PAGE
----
River Hugger


HAPpy People: Meet Adam Murray

November 4, 2016

Adam Murray

 

Meet Adam Murray, HAP River Hugger and all-around interesting guy. Interviewed by Christina Malango.


How did you get involved with the River Huggers?

Rock climbing and bike trips used to be my jam, but I had a disabling accident in 2008 that effectively retired me from those sports. I found that swimming greatly improved my well being, but I could only manage a few pool lengths and I hated (hated) doing laps. I couldn't bring myself to swim more than once a week – the Yosemite climber in me craved adventure, not a grind. A year ago, I was in San Francisco, and my best friend took me swimming in Aquatic Park. The water was cold enough to burn my skin, but swimming under the open sky was exhilarating. I finally wanted to do this thing that was so good for me. That night, I got online and found River Huggers. I wasn't in shape for RH, but I returned to Portland motivated to do laps and get there.

 

You have your own special "look" when you are swimming--stripey trunks and swim socks--tell us the story of those socks!

Ha! Yeah... the friend who introduced me to open water swimming gave me those. I started the RH season wearing my mom's ancient wetsuit and the socks for extra warmth. I shed the wetsuit halfway through the season, but I kept the socks for a few swims, and yes, it was a... bold look. And why the colorful trunks? Cause blam! I gotta look as wild as the Willamette feels.

 

What do you do when you are not swimming?

Try to be a good dad to almost-one-year-old Tillie, write a lot, read obsessively, bake mean pizzas, tell my friends how great they are, and whip up self-directed bootcamps with my best friend.

 

What about that band you are in?  Do you see parallels between music and water?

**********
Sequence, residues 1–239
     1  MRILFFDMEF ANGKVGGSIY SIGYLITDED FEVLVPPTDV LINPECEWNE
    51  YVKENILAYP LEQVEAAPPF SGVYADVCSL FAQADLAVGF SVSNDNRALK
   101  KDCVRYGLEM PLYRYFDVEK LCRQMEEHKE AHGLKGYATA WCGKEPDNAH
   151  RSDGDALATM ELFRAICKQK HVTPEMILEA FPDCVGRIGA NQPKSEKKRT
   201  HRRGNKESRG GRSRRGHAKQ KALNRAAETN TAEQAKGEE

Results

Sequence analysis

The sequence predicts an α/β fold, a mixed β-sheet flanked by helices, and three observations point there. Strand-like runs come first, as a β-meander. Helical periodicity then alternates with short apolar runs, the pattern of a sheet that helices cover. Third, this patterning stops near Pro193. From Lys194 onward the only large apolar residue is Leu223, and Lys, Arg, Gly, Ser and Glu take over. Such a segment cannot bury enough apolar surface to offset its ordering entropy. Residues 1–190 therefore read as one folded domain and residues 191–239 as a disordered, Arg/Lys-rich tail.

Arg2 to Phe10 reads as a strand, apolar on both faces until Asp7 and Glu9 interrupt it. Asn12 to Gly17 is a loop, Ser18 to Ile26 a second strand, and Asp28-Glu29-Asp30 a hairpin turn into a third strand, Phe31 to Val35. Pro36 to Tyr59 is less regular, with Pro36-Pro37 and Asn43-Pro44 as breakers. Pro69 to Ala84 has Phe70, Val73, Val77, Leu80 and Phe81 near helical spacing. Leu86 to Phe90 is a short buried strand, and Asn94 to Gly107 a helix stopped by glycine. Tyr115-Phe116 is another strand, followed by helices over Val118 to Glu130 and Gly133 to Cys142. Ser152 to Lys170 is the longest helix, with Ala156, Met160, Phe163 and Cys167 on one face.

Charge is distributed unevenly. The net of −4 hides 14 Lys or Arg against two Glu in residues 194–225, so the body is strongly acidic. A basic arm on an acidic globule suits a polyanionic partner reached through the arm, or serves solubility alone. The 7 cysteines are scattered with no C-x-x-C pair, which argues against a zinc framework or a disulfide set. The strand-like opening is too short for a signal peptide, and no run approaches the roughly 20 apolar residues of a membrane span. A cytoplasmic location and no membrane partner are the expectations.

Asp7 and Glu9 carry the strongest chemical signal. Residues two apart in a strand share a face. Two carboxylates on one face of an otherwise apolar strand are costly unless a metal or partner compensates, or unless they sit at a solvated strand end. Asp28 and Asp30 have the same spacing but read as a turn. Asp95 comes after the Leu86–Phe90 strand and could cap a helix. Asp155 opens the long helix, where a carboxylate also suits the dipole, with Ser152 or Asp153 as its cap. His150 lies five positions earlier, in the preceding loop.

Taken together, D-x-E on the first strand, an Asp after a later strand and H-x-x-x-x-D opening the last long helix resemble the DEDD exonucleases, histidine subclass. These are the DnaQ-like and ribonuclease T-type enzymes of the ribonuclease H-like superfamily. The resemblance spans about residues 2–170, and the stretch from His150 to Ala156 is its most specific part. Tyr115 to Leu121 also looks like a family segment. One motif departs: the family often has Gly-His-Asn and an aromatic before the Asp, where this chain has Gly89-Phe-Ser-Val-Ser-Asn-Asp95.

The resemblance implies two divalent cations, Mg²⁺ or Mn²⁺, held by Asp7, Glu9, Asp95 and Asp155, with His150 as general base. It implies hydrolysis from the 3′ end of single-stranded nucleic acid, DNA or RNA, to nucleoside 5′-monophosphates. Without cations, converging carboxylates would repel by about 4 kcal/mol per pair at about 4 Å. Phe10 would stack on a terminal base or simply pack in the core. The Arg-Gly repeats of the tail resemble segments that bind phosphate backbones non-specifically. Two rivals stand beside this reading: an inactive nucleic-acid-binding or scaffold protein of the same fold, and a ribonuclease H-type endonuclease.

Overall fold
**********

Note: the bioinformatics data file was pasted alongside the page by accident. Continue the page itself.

Ghost Towns is a good excuse to wild out with some friends. The guys are tons of fun, and the songs have driving beats, relatable lyrics, unexpected instruments, and time signature tricks – there are a few on ghosttownspdx.bandcamp.com. I come from a classical violin background, so for me there's a parallel between focused violin practice and my current approach to swimming. The best way to get better is to break down big challenges (a Paganini caprice) into manageable chunks (troublesome shifts, double-stop passages, bow economy) and just wail on those mini-challenges until they're no longer challenging. As a fledgling swimmer, I leverage tips from fellow River Huggers and YouTube/GoSwim.tv breath/kick/stroke exercises to get better. It's working for me – in the past two years, I've gone from swimming out-of-breath 25-yard pool lengths to swimming 9,000 yards on the Columbia.

 

What do you think about when you are swimming?

I always wonder that about other swimmers! It depends. These days, I'm really focused on getting faster and more efficient, so I'm actively monitoring something or other – breathing, rotation, something like that. That takes up all my brain power, so I get a nice, clear, in-the-moment kind of non-thinking going. If I'm not in that mode, I'll sing songs (sometimes into the water) or mentally work on lyrics for a song I'm in the process of writing. It's hard to split focus while swimming, so I haven't done any terribly deep thinking in the water.

 

Do you have a favorite swim from this season?

If I had to pick just one, it would be mid-season – the first swim I did without a wetsuit. I was so scared... and surrounded by badass ladies who hadn't worn a wetsuit all season. But I did it, and I didn't look back. Pure fun.

 

Do you have a dream swim you would love to do?

Next summer marks twenty-five years of friendship with my bestie. Together, we've screwed up, we've survived our screwups, and we've grown up (just a little). I want to go back to San Francisco and mark our twenty-five years by swimming together from the Bay Bridge to the Golden Gate Bridge. It's about four times longer than the route from Alcatraz to shore, which it intersects. We made the plan back when swimming a mile was a huge accomplishment for me, so it seemed far-fetched. But I've kept swimming, thanks in part to RH, and now I know I can do it. It still feels crazy, though! Wish me luck?




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